Hotchkiss: Well, our specific interest came from speculation by some that in addition to improving contemporaneous labor market outcomes, like unemployment and wages, that certain disadvantaged workers might achieve more long-term benefits from exposure to a high-pressure economy. Specifically, we wanted to see whether exposure to a hot economic environment would improve the relative labor market outcomes during the next recession.

Davidson: So does it?

Hotchkiss: Well, we found, for example, that the same amount of exposure to a hot economy improves the unemployment experience of African Americans during the next recession by more than it improves the unemployment among whites. Now, this would suggest that exposure to a hot economy would be helping to close the gap in labor market outcomes between those groups. However, blacks are hit so much harder on average by a recession than whites that any benefit that they get from the high-pressure exposure is more than wiped out by their average experience of being in the following recession.

Davidson: So does that mean that African Americans, then, don't benefit from being exposed to a high-pressure economy?

Hotchkiss: No, not at all. They absolutely benefit—whites benefit, the educated, the less educated, the young, the old—but our results suggest that benefits are not going to be effective in closing labor market gaps between the advantaged and disadvantaged workers.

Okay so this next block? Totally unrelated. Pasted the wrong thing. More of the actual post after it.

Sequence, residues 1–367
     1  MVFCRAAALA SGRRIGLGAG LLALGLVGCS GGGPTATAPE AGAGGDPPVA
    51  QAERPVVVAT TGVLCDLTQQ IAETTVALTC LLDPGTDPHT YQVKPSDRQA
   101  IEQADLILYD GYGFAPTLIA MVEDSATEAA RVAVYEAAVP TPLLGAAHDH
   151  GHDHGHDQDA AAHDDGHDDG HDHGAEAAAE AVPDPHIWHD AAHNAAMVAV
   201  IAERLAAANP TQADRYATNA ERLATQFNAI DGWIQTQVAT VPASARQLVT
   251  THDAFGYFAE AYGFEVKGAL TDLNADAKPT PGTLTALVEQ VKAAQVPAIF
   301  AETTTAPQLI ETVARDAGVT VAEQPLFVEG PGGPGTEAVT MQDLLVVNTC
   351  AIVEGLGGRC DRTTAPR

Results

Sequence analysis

Davidson: Okay, now that sounds pretty significant.

Hotchkiss: Well, of course we think it is. [laughter] If the goal is to improve labor market outcomes while the high-pressure environment is going on, then the high-pressure environment is doing its trick. But if we're hoping that exposure to high-pressure environments is improving labor market gaps over time…not so much.

Davidson: Right, okay. So more recently, we've seen some uptick in labor force participation—that is, people being drawn into the labor force, presumably because there are just more jobs out there and it's easier to get one. Is this another effect of the high-pressure economy?

Hotchkiss: Yes, I think that you could say so. When someone is considering whether to put forth the effort to enter the labor force, to look for a job, they consider several things: they consider the value of their time. So, for example, what else could they be spending their time doing? And that consideration is not necessarily impacted by a hot economy. For example, it would be affected by the number of children that you have. They also consider whether the effort will be worthwhile: What's the probability of getting a job? This is going to be directly affected by the state of the economy—the lower the unemployment rate, the higher the probability of finding a job—all else equal, like we like to say. Also, a hot economy will likely affect the pay that a person will be offered once they find a job. So as employers in a hot economy compete for scarce labor, that wage will be bid up, and the higher wage will increase the value of putting forth the effort to look for a job.